High school graduation is upon us. Young people have begun to empower themselves, while adults in charge continue to let them down. Those in charge put politics in front of common sense when it comes to gun control, the environment, and a collapsing Social Security system that may run out of money because their parents and grandparents did nothing to stop it.

The Parkland shooting survivors galvanized together and that was refreshing. It gives rise to hope for the next generation, replacing the much-maligned millennials who’ve been criticized for their lack of resilience and their entitlement ― the result of parenting and cultural decisions that rewarded participation more than results, and culminated in parents cheating to get their kids into a good college.

While lauding Parkland teens for standing up and saying “enough,” there is also the recent story of Parkland student Kyle Kashuv, whose admission to Harvard was revoked because of racist comments he made after the shootings. While most Parkland students promoted gun control background checks and commonsense legislation, Kashuv vocally supported NRA talking points, advocating other ways to keep schools safer.

Kashuv’s sincere apology fell short, at least in the eyes of the Harvard admission team. Should a 16-year-old’s mistake ruin his life or be a step in the learning process? The grownups have spoken and said this is learning through consequences. Kashuv will need to find redemption another way.

It’s the positive that is exciting, and the hope the pendulum is swinging back to the left. Pendulum theory says that to come to a resting spot in the middle, it must go back and forth, forming a rhythmic pattern, before finding true center.

The strict “Leave It to Beaver” parenting of the ’50s led to a revolution and the hippy era arose. The free love of the ’60s morphed into a liberal parenting pathway for the ’70s. The ’80s began to swing back with parents trying to guide and lead their children, swinging farther right as helicopter parents told their children, in subtle ways, that they weren’t capable of handling failure, and success was all that mattered, robbing them of learning’s biggest tool.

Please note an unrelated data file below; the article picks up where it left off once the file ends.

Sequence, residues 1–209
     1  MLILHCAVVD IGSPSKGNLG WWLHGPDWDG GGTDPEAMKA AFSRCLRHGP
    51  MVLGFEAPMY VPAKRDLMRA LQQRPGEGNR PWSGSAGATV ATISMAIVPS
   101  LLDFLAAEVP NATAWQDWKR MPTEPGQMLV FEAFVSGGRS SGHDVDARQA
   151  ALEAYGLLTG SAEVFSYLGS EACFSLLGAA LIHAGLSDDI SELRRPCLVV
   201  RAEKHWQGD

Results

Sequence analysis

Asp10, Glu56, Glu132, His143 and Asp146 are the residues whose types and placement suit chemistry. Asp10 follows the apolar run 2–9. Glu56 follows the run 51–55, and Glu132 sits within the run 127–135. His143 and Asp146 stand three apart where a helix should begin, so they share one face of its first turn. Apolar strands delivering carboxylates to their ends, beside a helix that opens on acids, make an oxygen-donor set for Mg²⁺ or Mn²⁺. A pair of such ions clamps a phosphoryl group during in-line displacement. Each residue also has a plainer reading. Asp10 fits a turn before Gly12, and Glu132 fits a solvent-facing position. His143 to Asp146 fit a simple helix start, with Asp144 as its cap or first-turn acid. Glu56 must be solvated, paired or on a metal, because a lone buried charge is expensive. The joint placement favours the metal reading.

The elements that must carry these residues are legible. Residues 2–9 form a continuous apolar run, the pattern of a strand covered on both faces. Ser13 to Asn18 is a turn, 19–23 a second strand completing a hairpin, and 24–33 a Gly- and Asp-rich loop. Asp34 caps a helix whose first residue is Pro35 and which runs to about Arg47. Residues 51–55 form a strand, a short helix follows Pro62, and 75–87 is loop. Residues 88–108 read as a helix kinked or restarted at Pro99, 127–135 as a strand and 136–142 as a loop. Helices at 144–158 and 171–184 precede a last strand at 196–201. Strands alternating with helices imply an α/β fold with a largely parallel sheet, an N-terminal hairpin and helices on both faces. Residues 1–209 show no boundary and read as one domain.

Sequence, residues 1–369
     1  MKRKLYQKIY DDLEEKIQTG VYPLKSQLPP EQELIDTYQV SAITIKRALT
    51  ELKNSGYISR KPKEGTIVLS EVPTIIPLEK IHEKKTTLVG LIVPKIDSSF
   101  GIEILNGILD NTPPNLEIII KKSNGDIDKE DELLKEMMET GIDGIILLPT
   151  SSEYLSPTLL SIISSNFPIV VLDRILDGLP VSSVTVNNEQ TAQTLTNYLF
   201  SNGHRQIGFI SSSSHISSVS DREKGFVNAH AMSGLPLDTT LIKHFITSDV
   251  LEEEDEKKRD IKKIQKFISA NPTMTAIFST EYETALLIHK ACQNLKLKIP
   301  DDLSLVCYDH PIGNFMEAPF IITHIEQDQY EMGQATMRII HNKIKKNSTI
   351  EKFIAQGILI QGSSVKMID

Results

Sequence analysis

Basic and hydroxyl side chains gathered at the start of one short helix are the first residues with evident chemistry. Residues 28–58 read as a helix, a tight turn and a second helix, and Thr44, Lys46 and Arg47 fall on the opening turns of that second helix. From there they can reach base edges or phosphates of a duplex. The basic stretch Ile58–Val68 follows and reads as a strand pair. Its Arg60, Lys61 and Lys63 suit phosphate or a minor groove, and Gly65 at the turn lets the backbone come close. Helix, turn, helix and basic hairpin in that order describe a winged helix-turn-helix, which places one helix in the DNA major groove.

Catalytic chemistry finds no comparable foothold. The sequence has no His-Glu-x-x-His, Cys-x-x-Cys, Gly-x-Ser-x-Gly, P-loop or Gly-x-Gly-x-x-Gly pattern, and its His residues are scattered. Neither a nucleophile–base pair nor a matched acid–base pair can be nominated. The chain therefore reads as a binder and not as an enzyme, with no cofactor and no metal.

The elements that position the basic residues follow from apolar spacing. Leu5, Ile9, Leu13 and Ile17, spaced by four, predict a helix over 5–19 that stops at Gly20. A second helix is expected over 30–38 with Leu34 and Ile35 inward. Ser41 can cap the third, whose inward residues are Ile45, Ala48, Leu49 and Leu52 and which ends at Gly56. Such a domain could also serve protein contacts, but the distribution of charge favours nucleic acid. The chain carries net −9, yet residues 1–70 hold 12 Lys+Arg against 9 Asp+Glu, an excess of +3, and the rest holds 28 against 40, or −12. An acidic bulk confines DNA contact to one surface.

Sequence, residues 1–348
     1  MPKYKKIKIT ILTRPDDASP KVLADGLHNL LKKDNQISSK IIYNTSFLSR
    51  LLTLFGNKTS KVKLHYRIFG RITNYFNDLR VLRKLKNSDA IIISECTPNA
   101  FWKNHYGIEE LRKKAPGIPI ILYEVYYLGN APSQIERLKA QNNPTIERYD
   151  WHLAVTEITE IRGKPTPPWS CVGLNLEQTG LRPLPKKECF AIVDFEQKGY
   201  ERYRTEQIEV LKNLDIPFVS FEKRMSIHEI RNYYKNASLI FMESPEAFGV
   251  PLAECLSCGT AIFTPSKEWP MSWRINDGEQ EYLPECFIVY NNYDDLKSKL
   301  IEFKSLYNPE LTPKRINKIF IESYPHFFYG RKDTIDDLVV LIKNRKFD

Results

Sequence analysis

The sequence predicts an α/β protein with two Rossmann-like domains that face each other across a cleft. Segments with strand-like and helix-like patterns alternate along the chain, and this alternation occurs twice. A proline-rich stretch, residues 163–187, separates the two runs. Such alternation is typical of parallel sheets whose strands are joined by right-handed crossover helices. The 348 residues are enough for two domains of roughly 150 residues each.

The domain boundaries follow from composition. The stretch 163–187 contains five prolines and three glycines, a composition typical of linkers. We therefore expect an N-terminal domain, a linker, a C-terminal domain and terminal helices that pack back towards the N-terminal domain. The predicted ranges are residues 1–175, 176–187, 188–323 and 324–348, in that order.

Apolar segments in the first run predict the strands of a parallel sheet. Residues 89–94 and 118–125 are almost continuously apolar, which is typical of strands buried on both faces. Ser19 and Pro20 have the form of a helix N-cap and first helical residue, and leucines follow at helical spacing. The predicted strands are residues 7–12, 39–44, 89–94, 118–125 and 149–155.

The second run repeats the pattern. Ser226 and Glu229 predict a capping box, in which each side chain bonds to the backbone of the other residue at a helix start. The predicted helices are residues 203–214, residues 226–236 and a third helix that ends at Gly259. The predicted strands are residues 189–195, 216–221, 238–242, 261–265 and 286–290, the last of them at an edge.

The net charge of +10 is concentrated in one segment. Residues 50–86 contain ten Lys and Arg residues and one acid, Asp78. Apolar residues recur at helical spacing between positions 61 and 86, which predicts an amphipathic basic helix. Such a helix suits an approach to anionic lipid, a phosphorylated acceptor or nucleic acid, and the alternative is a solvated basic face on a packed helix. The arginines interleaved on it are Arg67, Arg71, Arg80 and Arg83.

When you take failure out of the tool box, you take away resiliency ― bruised egos replace bruised knees.

As we watch the newest generation emerge, one garners hope that the pendulum is swinging back to the left and perhaps ready for gentler swings into middle space, before resting in the center.

Locally, hope rises from recent observations; the small graduating class at Watershed School in Camden was proof our youth can excel when given wings and the opportunity to fly. Their ceremony was filled with hope, joy, desire and positive aspirations that will lead them into adulthood and the next generation of parenting.

When butterflies are seen struggling to break out of their cocoons, and well-meaning parents and teachers rush to help them break out, unable to watch them struggle and break the walls themselves, the butterflies are quickly eaten by predators. It is the struggle to get out of the cocoon that builds muscles in their wings, allowing them to fly into life and away from those that would eat them. Too much help robs them of strength, putting them in grave jeopardy.

It is freedom to solve challenges that provides life skills; nature has that built in, but sometimes fighting nature leads to paths of destruction. Finding the fine line between teaching and doing it for them is the balance beam.

Another encouraging “youth moment” centers on the young people of Camden Hills Regional High School who are gathering momentum to take a bold step with their high school newspaper. These young journalists want to tackle subjects that will move the needle and get themselves, and their peers, thinking and talking. They want guidance, not an administration telling them what they can and can’t write about.

They’ve been blessed with that freedom, as the high school appears to be encouraging and not overly heavy-handed. Administration has rightly put its foot down on attacking teachers or allowing libel, but has left an open pathway for these young adults to create something for themselves.

This is progress. This is hope. This is a pathway to a future where perhaps the pendulum can find a gentle rocking motion, finding its balance in the middle. The big shifts to the left and right are necessary in finding true center, but, if the youth of today can find peace and solace in life in the middle, perhaps our politics will follow.

Eight years of Obama hatred, replaced by four (perhaps eight) years of Trump hating, is moving the needle. The notion that the pendulum’s swing gets reduced to four Trump years would suggest perhaps we are ready for the middle; eight years might mean more violent and volatile movements are needed before we get there. Our graduating classes will have a say in 2020.

Namaste.

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“I keep my ideals, because in spite of everything, I still believe that people are really good at heart.” ― Anne Frank, Holocaust diarist (1929-1945)